The payment landscape in the metaverse
The metaverse has been positioned as the successor state to the internet, also known as Web 3.0, as well as a platform for human leisure, labour and existence. When one aims to replicate reality in a metaverse, one needs to consider the existence of a thriving economy. This article discusses recent developments and opportunities in payments across the metaverse.
Banks’ current payment solutions do not achieve the interoperability of the metaverse. Transacting traditional money requires a vast infrastructure of banks and regulators to act as custodians, intermediaries and clearing houses. Hence, financial institutions need to explore unique solutions in payment services that could achieve the interoperability and ease required for making payments in the metaverse. Cryptocurrencies such as Bitcoin or Ether could be the solution to all the problems a regular payment system causes. Users can buy, sell and trade across all wallets (PayPal cannot send money directly to Venmo), and there would be no intermediaries taking custody. Users also do not need a bank account and sellers do not need to negotiate, register or sign deals with crypto rails. We explore details on payments in the metaverse below.
Before the metaverse craze, payment giants had begun exploring payment methods needed by the metaverse. Facebook launched cryptocurrency project Libra in June 2019, before it even changed its name to Meta. It aims to be a new decentralised blockchain, low-volatility cryptocurrency and smart contract platform. In 2016, Alipay launched VR Pay. The user selects the product on the mobile virtual reality (VR) platform or VR app to place an order, confirms the purchase, enters the payment link, selects Alipay and clicks to confirm the payment.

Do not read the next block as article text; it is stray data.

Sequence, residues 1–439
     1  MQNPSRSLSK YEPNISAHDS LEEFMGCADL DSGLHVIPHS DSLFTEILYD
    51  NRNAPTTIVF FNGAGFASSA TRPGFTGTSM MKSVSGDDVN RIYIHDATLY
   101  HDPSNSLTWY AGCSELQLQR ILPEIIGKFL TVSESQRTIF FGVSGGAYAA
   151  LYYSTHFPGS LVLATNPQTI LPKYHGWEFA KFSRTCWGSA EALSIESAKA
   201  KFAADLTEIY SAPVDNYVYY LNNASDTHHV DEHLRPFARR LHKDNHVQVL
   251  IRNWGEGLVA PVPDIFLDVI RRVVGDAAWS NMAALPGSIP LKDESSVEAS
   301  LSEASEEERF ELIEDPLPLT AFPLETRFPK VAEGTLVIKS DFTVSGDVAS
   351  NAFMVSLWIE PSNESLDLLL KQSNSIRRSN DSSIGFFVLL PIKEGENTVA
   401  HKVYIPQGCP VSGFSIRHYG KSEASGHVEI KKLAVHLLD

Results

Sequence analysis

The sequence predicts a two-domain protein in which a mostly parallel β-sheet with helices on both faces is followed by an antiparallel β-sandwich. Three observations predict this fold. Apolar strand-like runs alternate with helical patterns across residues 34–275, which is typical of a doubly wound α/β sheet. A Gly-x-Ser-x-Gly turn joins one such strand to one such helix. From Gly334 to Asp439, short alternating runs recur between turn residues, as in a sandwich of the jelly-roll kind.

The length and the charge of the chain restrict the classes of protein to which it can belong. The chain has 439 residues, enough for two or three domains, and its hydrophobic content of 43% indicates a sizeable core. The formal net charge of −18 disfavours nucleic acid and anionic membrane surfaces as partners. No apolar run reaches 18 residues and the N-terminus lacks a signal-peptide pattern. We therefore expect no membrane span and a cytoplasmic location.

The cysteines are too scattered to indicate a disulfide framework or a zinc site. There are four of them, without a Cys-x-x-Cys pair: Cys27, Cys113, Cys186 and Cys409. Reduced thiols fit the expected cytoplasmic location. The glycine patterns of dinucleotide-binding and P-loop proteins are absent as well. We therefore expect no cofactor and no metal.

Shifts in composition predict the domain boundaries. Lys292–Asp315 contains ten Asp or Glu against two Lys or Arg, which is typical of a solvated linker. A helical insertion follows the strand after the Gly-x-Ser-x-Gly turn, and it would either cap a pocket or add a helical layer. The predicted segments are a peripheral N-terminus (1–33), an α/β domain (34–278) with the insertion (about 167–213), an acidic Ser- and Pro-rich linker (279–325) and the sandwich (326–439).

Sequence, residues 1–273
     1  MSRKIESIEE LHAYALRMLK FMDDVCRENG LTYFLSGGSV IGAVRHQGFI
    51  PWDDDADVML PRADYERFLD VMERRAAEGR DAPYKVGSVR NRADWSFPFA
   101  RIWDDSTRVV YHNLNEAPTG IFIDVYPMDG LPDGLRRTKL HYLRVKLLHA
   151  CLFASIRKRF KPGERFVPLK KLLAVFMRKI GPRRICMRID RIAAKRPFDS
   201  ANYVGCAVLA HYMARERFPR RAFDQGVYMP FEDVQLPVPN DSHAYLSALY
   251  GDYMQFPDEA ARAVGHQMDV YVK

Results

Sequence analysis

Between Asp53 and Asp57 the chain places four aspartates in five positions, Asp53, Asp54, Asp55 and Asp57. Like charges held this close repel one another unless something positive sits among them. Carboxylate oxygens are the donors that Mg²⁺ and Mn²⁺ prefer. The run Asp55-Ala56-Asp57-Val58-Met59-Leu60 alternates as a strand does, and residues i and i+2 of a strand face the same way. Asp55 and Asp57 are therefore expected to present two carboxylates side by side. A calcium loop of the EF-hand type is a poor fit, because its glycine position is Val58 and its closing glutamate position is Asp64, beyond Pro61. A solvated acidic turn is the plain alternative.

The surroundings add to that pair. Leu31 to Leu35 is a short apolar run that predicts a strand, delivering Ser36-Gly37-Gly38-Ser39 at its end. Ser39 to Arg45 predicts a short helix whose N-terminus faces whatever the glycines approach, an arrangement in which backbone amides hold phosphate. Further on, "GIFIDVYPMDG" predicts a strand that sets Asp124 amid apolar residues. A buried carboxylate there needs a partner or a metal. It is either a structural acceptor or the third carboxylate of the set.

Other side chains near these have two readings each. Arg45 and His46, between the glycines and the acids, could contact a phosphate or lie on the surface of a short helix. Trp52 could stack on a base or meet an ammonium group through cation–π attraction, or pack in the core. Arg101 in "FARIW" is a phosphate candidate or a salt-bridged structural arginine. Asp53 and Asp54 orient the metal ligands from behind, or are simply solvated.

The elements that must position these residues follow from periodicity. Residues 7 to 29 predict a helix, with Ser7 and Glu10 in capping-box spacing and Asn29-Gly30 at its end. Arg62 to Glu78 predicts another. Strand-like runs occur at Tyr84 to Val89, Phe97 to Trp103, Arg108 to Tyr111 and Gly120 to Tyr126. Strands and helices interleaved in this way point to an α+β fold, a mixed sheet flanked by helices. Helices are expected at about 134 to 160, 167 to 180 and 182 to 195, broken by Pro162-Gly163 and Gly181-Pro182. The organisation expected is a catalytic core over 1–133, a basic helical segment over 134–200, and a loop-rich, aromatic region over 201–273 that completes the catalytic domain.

Payments in the metaverse
The metaverse has already taken shape, with a number of platforms built on different blockchains with features such as smart contracts for virtual land, native cryptocurrencies and non-fungible token (NFT) trade. The following are examples of such platforms and their respective cryptocurrencies:
*Market cap as of 15 March 2023; Source: Blockworks and Coinbase websites
Virtual assets such as NFTs and in-game currencies in gaming are increasingly using cryptocurrency for payment. Cryptocurrencies are less fragmented than today’s in-game currencies such as Robux and COD points, support two-way exchange (from USD to BIT and back) and are interoperable; for example, the same currency used in Decentraland can be used in Axie Infinity.
As we can see, each metaverse platform has its own cryptocurrency, native token or in-game currency. Players use this for trading, network governance, etc.; these are different for different platforms. A user takes the following steps to make payments on a metaverse platform:
Although cryptocurrencies are the most popular payment method in the metaverse, there is still room for fiat currency and traditional payment methods.
For example, in-game microtransactions on online gaming platforms are a big business, with games such as Fortnite making billions of dollars each year from selling digital goods to their players. These transactions are usually made with fiat currency. There are two types of fiat-based transactions: the first uses central processors such as PayPal and major credit card networks, and the second uses a virtual currency one can buy with fiat currency, such as FIFA coins on EA Sports FIFA.